A New Book on DJ Screw Tells His Story With Over 130 Voices

DJ Screw’s imprints are spread all over mainstream music, right off the top of Travis Scott’s charts Astroworld The album that depicted the producer and rapper’s career in the stratosphere, to Solange Knowles’ poem to Houston, When I get home, to her big star sister’s re-release song “Bow Down / I Have Been On”, which preceded her fifth studio album. This music slows down the sounds and their rhythms, transforming the sounds into molasses the way Screw was made famous, first in Texas, then nationally. A lot of music finds its origins in the skull style, such as slowdown + echo Editing of popular songs littered the web or re-imagined Chopstars “cut, not sloping” for entire projects, such as the 2016 Academy Award winner’s soundtrack. moon light.

in a new book DJ Screw: A Life in Slow RevolutionAnd Coming April 19, 2022 from University of Texas Press, Galveston Writer and Writer Lance Scott Walker Traces Scull’s path to prominence, from his meticulous study of his mother’s records as a pre-teen – when her precious “Ring My Bell” record and other treasures were scratched into oblivion – to earning a mixed-strap diamond ring for making his own culture at a landmark New York City award show Less than a year before his untimely death in 2000. Weaving flashes of his voice into an oral history of more than 130 Scholl friends, family, heroes, students, and more, Walker compiles a complete picture of the famous DJ’s legacy.

Walker’s book comes after 16 years of research and writing for four other titles archiving the Houston rap scene. During his work, homages and other explorations of Scholl’s story have surfaced, particularly in the past few years. Summer Season of the Spotify/Gamelet Hip-Hop Podcast Mongols It was intended for screw. Last December, The Hollywood Reporter announced that Isaac Yeoman and Sony were too Development Full-length biography of DJ Screw after Yowman debuted a shorter movie That winter. Last January, Yoman aroused A documentary about DJ Screw as well.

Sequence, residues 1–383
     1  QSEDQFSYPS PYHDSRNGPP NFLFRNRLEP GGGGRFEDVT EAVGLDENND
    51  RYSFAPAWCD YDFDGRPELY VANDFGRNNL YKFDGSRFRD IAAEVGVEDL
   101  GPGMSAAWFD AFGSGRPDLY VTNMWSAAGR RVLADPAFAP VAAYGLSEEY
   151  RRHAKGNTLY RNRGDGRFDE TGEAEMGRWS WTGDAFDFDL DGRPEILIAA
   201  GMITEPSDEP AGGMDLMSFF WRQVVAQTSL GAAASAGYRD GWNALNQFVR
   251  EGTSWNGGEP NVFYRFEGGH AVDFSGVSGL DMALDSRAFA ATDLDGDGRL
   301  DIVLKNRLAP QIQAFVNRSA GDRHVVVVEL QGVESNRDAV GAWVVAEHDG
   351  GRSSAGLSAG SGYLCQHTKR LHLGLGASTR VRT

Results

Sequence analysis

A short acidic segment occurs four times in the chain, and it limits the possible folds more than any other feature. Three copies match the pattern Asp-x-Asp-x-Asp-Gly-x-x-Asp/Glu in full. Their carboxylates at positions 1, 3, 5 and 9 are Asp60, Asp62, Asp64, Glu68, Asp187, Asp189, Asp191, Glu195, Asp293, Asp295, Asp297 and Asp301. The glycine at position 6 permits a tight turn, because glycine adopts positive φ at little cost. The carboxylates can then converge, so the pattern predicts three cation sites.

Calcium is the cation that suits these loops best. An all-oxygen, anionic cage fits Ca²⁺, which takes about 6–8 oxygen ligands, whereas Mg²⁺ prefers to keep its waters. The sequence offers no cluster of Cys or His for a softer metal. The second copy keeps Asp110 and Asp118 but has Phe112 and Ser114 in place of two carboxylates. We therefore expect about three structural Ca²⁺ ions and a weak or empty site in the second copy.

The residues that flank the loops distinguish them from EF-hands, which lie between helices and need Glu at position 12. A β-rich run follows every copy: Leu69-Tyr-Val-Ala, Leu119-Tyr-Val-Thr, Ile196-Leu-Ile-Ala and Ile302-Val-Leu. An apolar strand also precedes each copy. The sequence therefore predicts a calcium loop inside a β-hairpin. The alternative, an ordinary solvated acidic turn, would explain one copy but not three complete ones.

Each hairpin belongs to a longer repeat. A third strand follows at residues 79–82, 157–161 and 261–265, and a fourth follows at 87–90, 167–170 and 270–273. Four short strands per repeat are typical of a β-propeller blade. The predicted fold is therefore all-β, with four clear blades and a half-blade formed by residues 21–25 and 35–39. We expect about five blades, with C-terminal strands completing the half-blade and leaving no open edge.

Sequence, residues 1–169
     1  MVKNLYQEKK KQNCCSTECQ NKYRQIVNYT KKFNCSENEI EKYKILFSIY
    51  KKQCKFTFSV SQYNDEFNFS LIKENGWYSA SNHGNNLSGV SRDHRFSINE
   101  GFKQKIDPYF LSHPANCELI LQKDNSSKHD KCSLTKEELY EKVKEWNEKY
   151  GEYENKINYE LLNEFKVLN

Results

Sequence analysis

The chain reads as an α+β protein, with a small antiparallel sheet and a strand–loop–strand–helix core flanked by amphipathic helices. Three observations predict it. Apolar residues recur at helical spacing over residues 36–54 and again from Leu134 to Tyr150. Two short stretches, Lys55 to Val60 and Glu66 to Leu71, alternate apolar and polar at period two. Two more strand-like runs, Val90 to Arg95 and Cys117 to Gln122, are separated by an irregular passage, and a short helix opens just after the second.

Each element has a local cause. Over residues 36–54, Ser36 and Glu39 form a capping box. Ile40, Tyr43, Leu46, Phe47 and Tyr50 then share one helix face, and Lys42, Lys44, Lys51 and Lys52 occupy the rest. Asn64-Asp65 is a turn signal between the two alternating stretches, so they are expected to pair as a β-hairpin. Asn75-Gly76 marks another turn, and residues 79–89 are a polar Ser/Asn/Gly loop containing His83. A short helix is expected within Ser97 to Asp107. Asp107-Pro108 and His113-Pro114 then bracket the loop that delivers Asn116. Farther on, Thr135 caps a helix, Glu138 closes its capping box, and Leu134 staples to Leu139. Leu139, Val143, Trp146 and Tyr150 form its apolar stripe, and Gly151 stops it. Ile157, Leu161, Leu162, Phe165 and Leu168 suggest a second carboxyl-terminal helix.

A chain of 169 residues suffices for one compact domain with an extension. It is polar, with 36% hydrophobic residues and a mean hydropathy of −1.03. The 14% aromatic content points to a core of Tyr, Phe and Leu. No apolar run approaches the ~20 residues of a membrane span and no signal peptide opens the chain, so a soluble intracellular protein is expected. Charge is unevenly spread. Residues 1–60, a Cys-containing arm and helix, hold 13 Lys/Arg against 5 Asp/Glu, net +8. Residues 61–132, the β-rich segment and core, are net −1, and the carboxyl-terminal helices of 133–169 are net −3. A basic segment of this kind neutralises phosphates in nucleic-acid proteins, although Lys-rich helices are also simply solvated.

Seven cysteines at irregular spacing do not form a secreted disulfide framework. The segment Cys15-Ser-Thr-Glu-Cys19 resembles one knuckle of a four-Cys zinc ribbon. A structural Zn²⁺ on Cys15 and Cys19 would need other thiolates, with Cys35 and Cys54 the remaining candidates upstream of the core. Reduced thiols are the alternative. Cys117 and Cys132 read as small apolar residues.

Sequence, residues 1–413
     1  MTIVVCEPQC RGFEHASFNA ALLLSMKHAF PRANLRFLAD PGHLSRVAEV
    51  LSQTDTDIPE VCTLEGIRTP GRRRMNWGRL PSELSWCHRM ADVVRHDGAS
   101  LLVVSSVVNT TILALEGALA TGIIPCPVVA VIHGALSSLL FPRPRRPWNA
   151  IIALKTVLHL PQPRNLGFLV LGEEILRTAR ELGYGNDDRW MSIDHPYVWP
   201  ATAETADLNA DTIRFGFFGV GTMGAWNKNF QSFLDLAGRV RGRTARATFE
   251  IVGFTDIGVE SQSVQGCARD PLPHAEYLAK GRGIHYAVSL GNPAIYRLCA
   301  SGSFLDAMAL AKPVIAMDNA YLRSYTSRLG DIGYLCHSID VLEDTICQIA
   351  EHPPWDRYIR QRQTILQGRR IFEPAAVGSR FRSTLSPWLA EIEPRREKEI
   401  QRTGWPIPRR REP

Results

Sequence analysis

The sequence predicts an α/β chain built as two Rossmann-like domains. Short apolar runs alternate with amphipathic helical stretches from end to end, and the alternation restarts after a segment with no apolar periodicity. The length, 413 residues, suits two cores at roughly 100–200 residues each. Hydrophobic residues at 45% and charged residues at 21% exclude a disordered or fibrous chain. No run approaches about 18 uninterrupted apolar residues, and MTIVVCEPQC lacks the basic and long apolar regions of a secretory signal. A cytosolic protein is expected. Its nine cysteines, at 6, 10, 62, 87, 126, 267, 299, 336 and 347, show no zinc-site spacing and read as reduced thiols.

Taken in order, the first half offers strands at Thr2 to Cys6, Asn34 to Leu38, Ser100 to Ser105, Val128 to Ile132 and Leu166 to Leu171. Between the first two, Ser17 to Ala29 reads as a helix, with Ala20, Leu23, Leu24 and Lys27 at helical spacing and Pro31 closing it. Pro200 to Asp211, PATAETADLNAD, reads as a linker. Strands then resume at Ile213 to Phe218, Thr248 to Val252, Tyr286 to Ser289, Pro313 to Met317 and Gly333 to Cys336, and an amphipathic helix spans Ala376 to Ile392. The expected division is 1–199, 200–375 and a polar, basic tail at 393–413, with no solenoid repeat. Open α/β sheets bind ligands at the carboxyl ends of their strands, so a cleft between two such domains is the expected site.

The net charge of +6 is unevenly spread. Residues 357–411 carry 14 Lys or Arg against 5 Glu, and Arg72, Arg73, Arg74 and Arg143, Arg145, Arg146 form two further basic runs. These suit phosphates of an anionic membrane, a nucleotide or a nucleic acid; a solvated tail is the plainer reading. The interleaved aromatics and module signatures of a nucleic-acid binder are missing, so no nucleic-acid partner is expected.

“The nice thing about DJ Screw’s story is that there are so many different ways to tell it,” Walker says. “I am so excited that Houston has a group of young writers who are doing a great job there: Brandon Caldwell, Shelby Stewart, Mako Vaniel, Rocky Rocket, Julie Group, Shea Serrano there because he has so much chronicled the hip-hop scene in Houston. I am happy with the amount of things that I was able to get it into the book, but I’m glad it’s not the last word.” Here, he talks about his entry into the screw cannon and offers an exclusive first look at the cover for DJ Screw: A Life in Slow Revolution.

Your funky DJ Screw resume includes dozens of votes. How does your relationship with these people look like in his orbit?

It’s different with everyone. There are some people I’m closer to; There are others with whom I butted heads a little. But that’s also why you spend your time on something like this, because people get to know you over a long period of time; Your intentions and what you are trying to do become clear over time. You end up developing friendships. There are people I text with on holidays, there are people whose birthdays I know text, and there are people who call me on my birthday. I’ve been working on this book for a long time so anyone who’s been a part of it or got into their orbit, I’ve had the opportunity to explain it to them, I’ve had a chance for them to see some of my other work out there and see what I’m doing and how I try to make their voices stand out from mine.

In the introduction to the book, you mention that you are an outsider in Scholl’s life, that you enter it as a white writer and that you can’t tell his story alone. What made you decide to take this book?